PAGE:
We now briefly describe the candidate circuit generator and three methods for error evaluation that are currently supported in ADAC.
The candidate circuit generator is based on CGP where a candidate solution is encoded as a chromosome describing an oriented acyclic graph, given as a 2-dimensional array of 2-input nodes. Every node is numbered and is encoded by 3 integers where the first two numbers denote the inputs and the third represents the function of the node. New candidate circuits are obtained using a mutation operator that performs random changes in the chromosome. The mutations can either modify the node interconnection or functionality. The area of candidate circuits is reduced by making some nodes unreachable (such nodes, however, are removed only at the very end, and so they can still be mutated and even become reachable again). The candidates are evaluated, and the one with the best one is used in the next iteration of the design loop. The whole loop starts with the golden circuit and iteratively generates approximate solutions with better fitness values until a termination criterion (typically a given time limit) is met. Optionally, user can provide approximate circuit satisfying the threshold on the error as a seed to start with.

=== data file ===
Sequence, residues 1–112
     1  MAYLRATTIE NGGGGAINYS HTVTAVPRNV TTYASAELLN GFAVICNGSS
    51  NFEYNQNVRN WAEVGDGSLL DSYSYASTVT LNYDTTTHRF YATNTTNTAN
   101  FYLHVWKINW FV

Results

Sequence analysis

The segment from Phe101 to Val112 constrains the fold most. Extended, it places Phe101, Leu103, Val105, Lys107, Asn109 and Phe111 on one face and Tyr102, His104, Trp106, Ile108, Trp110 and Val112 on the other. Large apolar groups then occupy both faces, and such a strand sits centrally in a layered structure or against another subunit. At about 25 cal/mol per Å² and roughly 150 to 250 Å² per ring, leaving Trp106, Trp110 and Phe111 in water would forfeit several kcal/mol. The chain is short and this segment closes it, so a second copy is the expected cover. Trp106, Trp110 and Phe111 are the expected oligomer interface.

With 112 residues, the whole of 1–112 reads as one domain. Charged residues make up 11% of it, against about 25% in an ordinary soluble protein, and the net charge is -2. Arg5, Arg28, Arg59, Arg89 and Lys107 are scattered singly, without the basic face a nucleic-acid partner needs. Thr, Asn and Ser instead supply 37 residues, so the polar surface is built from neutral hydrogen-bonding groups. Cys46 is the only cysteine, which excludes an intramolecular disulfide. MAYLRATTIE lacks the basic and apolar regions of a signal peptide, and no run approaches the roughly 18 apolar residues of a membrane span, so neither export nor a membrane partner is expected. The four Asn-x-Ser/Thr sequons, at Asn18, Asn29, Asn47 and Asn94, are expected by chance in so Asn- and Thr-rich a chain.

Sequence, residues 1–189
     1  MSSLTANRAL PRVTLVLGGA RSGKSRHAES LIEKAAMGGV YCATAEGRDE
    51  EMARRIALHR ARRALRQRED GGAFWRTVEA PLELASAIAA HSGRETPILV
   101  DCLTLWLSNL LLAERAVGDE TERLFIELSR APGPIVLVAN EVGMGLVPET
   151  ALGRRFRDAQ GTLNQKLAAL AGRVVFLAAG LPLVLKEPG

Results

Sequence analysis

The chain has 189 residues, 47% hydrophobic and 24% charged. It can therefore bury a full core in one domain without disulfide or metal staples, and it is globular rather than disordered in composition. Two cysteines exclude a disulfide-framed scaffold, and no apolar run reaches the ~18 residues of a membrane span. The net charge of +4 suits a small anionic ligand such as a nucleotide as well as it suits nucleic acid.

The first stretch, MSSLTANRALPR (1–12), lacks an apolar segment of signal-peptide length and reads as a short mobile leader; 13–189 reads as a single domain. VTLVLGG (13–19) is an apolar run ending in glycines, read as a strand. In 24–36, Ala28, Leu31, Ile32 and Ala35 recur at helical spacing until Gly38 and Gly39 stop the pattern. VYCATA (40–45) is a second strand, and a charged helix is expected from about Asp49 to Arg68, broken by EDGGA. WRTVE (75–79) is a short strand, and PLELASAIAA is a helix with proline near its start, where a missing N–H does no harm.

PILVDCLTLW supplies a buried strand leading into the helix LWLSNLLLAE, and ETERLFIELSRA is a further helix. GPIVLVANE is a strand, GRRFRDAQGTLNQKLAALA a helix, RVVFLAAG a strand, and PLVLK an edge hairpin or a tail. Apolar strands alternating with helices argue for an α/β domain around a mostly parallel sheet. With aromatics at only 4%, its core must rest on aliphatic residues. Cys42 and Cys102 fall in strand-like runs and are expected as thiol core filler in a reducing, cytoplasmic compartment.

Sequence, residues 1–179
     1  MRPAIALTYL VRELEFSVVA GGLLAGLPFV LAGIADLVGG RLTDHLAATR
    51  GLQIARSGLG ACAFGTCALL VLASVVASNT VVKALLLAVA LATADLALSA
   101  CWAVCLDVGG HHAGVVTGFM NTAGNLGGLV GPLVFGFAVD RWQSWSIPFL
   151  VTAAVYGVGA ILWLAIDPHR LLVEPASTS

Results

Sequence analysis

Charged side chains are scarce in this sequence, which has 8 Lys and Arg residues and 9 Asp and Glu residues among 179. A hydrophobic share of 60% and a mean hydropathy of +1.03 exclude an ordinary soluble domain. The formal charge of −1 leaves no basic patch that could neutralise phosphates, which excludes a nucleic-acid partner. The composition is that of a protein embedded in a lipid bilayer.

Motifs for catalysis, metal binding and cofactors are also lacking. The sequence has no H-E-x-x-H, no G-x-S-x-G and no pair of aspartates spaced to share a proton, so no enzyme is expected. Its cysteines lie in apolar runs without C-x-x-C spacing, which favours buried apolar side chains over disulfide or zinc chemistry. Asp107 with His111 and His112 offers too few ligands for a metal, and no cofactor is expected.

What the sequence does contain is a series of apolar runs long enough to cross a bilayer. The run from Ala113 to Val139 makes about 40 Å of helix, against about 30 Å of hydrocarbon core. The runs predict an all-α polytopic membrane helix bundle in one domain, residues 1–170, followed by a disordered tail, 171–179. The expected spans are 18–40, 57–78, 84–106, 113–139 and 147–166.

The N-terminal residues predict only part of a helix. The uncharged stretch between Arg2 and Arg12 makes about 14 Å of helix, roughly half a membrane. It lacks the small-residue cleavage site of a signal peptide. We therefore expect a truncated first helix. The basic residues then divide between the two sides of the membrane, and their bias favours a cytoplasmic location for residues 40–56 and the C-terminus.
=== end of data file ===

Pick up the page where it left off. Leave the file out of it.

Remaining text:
The bit-parallel circuit simulation supports all common error metrics, including the worst-case error (WCE), the mean error, the error rate representing the number of inputs leading to an incorrect output, and the Hamming distance. It utilises the power of modern processors by simulating the circuit on multiple inputs vectors (e.g. 64 inputs for 64-bit processors) in a single pass through the circuit . However, despite the parallel processing that significantly accelerates the simulation, for circuits with arguments of larger bit-widths (beyond 12 bits), it is not feasible to simulate the circuits on all possible inputs, and so statistical guarantees on the approximation error are provided only.